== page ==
Should I really go ahead with self employment or find a job?

Thanks for any help you can give me,

KM (United Kingdom)


Dear KM,

I’m going to suggest you focus on two cards.  First, let’s take a look at Temperance.  The Temperance card isn’t about a bunch of Carrie Nation smashing beer barrels, it’s a card about the need for balance and moderation, the alchemy of creating harmony in your life.

It’s probably a bit of an oversimplification to assume that if a parent is happy her children will be.  If you suddenly decided to abandon your family to pursue your dream of being a pole dancer, this would not necessarily make your family happy.  However, your focus seems to be that a full time job will be the best way to go financially and that will make them happy and you not so much.  But does financial security buy happiness?   It may play a role but it’s not necessarily the whole enchilada. How much is enough?  Here’s where “balance” and “moderation” come in.

You need to figure out how much money your family requires to feel secure.  It may come down to making your home payments and putting food on the table. We live in an amazingly status hungry age where parents feel guilty if they can’t provide their children with the latest toys and gadgets, where even young children eye each other’s designer outfits.  Are they happier for it?  Fortunately, you live in a land where health care is universal and universities can be free.  Many parents choose to spend more time at home even at a financial sacrifice because they believe that will make their family happy.  Weigh all the factors. Given that it will take you time to build with self-employment, will there be enough for the necessities?  If not, how will you live?  Do you have the skill-set and expertise that will make you successful at self-employment?  If not, what do you need to learn?  The other thing to consider is this:  Are you the sole possible breadwinner in your family or is there a partner who could perhaps be contributing more?  If you are planning to go the self-employment route, this could eventually give you the financial security you seek, but it will take time.  Is your partner willing to give it you?  That may also mean making certain commitments on your part about setting and achieving realistic goals and objectives — developing a business plan and sharing it with your better half.

If your family really needs more income now, then you might want to find something that will pay the bills.  This doesn’t mean that you need to give up on moving forward, but it might necessitate getting more support from your family, so that you can do both.  You won’t get that if you don’t ask for it. Developing other options will help everyone.  Even if you find something full time, these are uncertain times and you might find yourself in this situation again, so developing a skill you can turn into your own business  or use in future employment is in your best interest and that of your family.  If a part time job will be enough and allow you time to work on your other goals, that may be the best solution, even if that job is less prestigious than you’d like.  The key is balance and moderation.  This not only means mixing elements, but also discarding that which you don’t need.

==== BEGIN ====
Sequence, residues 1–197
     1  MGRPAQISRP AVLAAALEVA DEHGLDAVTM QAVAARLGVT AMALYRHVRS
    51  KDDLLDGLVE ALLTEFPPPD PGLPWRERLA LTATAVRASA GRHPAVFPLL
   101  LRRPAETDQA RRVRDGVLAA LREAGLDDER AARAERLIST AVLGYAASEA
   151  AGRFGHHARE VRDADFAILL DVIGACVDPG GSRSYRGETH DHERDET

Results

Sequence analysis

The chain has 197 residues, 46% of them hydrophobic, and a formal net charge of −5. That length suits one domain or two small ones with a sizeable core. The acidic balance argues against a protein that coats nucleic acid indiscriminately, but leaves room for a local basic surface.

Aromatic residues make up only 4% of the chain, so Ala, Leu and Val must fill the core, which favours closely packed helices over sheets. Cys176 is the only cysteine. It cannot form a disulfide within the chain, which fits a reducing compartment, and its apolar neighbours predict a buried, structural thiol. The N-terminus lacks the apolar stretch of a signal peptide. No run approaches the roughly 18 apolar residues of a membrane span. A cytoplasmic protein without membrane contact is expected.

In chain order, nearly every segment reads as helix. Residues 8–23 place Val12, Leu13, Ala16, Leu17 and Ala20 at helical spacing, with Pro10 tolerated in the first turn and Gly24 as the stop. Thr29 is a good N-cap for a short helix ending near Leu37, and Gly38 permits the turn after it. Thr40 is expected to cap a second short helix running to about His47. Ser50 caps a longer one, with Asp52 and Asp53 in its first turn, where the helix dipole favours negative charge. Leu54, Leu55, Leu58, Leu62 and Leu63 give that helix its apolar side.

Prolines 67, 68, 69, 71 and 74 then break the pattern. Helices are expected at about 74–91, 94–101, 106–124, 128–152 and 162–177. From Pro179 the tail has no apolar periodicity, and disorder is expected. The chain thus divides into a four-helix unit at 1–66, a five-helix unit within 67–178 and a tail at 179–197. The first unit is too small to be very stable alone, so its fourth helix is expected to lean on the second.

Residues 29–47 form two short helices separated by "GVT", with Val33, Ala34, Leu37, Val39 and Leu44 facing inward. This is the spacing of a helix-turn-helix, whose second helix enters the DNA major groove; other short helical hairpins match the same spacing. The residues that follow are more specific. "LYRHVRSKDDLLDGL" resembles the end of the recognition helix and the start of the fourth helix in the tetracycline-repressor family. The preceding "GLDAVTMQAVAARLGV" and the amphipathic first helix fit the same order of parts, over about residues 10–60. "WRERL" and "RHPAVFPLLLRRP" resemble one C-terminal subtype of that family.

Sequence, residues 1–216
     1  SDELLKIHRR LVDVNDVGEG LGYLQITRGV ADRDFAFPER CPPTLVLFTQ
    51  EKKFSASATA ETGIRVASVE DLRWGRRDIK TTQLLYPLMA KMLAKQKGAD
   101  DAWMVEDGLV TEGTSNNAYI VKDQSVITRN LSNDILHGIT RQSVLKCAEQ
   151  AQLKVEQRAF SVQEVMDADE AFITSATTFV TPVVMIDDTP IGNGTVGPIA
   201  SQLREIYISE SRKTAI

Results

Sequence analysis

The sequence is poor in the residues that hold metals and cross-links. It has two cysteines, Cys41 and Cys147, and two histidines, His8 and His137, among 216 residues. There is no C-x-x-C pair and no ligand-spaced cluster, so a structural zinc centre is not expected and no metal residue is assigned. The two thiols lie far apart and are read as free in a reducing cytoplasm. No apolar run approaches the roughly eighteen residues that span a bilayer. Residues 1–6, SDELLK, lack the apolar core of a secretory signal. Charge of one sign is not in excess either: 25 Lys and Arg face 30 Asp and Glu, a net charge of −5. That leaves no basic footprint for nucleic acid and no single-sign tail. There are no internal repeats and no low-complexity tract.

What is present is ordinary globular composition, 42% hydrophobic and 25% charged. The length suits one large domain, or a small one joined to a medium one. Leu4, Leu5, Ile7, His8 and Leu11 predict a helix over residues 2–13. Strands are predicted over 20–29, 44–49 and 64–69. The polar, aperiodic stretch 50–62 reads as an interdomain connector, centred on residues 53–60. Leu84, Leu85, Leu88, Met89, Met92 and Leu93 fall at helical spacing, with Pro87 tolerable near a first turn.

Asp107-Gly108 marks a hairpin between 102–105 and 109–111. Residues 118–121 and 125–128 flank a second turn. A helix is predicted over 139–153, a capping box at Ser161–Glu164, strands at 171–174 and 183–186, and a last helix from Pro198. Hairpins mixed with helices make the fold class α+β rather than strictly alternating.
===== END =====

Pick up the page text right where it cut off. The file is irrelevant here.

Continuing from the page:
Now here comes the second card — The Chariot.  The Chariot like Temperance involves the need for harmony.  All the parts need to work together to make it go. . Notice in this image the horses seem to be going in two different directions.  You get further when everyone is going to the same place.  You have your dreams.  You also have dreams for your family.  Your partner may have his or her own dreams, and your kids — even if they are very young, may have their own valid ideas. Make sure you are all working toward the same goals, including supporting each other’s individual ones. Try to focus on the long term.  No matter what decision you make now, where do you want to be in five years?  What gets you there?

Temperance and The Chariot are the images you need to focus on  —  balance and moderation but also harnessing your energy to reach a goal.  This is not work you do alone, but in harmony with your family.


Skeptical Tarot invites you to comment on this advice and/or help the querent by writing your own  (with or without cards).  If there’s an issue about which you’d like some free advice, please send your query to  Please keep queries under 300 words and let me know how you would like to sign off — anonymously, with a link to a website, etc. Not all queries will be selected and queries may be edited for length.